Despite being one of the most common spinal surgeries, anterior cervical discectomy and fusion, a type of treatment for forms of degenerative disc disease, is a major procedure that sometimes fails in certain high-risk patients and situations. Doctors with Baylor College of Medicine and Baylor Medicine’s Spine Center, as well as Baylor St. Luke’s Medical Center are now part of the FUSE study, a multicenter clinical trial working to find a tissue-sparing approach to increase the success rate of neck fusion surgery to treat nerve compression and neck pain.
Degenerative disc disease is a condition that causes pain because the discs that usually provide cushion in the spine have worn away due to age or injury. The pain can radiate down the neck, shoulder and arms. Sometimes, bone spurs or a disc herniation can result, causing nerve or spinal cord compression that can be disabling. The common treatment is to remove the disc and bone spurs from the front of the neck and then have the two adjacent vertebrae fuse together – an anterior cervical discectomy and fusion (ACDF).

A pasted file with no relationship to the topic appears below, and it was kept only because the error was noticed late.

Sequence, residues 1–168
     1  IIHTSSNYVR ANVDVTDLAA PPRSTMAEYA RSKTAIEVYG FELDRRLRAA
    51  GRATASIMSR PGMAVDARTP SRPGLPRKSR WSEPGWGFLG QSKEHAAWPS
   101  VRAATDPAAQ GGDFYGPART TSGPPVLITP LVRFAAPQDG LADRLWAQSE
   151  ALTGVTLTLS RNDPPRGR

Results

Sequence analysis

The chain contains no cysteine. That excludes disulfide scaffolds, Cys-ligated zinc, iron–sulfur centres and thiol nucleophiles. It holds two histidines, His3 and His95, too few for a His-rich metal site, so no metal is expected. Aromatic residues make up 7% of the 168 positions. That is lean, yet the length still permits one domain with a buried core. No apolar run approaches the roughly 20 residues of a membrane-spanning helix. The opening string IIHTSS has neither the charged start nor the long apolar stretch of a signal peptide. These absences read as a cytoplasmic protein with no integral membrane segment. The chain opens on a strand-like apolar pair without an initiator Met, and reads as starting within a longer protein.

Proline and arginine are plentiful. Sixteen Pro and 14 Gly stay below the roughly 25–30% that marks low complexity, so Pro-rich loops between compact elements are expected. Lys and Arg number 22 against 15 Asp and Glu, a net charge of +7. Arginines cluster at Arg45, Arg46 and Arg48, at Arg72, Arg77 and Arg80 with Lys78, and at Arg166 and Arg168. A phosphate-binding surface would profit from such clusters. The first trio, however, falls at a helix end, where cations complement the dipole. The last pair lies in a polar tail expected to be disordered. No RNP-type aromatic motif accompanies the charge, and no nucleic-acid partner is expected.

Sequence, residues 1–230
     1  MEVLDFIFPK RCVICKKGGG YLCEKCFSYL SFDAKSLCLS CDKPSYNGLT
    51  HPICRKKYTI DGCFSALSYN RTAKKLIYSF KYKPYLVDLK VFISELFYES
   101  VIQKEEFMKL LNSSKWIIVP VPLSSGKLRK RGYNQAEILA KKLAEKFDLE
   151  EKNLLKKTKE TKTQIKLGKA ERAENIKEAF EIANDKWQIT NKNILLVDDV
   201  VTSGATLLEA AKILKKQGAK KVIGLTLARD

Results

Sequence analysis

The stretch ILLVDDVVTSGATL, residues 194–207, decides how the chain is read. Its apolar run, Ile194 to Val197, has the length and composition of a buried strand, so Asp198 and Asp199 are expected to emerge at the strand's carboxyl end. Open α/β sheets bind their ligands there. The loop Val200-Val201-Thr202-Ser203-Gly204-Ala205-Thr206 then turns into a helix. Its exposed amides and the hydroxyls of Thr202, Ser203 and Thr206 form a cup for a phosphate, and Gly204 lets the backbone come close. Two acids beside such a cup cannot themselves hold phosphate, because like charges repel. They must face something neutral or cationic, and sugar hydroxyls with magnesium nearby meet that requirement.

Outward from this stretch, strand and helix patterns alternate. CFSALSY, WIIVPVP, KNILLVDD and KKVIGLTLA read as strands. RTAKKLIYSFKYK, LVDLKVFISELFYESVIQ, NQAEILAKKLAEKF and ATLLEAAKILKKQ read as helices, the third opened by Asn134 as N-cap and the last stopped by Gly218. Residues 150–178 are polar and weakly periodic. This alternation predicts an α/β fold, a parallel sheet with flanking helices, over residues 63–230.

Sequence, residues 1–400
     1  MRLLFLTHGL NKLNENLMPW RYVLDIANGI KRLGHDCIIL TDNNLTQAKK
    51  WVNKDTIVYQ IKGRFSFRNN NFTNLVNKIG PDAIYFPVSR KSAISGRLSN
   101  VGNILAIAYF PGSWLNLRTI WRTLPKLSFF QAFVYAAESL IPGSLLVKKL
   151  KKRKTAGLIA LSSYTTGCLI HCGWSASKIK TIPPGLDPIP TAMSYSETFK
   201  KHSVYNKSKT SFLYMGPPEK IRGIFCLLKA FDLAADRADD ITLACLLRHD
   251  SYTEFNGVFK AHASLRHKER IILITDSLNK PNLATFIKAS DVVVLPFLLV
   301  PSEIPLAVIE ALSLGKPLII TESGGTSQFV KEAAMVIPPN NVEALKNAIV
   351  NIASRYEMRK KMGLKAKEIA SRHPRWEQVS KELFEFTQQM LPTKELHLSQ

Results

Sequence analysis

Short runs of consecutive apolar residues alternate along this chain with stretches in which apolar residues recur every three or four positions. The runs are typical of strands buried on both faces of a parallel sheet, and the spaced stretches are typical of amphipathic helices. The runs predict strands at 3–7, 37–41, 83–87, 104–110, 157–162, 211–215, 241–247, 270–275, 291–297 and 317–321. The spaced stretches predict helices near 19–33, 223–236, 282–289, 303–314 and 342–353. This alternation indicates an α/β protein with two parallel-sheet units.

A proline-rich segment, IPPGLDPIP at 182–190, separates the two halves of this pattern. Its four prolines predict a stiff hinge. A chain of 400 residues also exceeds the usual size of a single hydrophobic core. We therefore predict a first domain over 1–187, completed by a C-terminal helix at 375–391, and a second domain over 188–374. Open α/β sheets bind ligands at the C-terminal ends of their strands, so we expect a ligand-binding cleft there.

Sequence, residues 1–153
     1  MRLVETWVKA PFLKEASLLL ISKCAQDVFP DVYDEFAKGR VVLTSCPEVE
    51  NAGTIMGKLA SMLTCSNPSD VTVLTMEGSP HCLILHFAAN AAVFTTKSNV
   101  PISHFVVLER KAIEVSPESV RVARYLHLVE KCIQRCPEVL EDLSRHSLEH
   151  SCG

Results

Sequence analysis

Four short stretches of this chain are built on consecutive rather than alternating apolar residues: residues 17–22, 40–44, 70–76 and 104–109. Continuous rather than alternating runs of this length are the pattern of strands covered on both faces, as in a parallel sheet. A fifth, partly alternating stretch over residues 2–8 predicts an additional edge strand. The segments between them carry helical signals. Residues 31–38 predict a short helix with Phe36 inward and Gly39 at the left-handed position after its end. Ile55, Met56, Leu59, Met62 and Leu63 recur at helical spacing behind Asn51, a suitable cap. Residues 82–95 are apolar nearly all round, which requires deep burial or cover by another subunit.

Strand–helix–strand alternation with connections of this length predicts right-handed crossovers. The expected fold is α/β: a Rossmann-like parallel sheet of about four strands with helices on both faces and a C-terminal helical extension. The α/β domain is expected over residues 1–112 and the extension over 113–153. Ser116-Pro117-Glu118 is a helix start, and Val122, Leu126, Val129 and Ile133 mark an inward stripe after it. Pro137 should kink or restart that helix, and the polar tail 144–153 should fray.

“An ACDF decompresses the spine, then permanently fuses the bones together to reduce continued degeneration,” said Dr. David Xu, assistant professor of neurosurgery at Baylor and surgeon with Baylor St. Luke’s Medical Center. “The surgery requires a small incision through the front of the neck and is successful more than 95% of the time when treating a single level of the vertebra.”
However, when treating high-risk patients such as those with diabetes, kidney disease or osteoporosis, or when needing to fuse multiple levels, failure is more common. According to Xu, “fusion failure can sometimes exceed 20 percent when three or more discs need treatment.”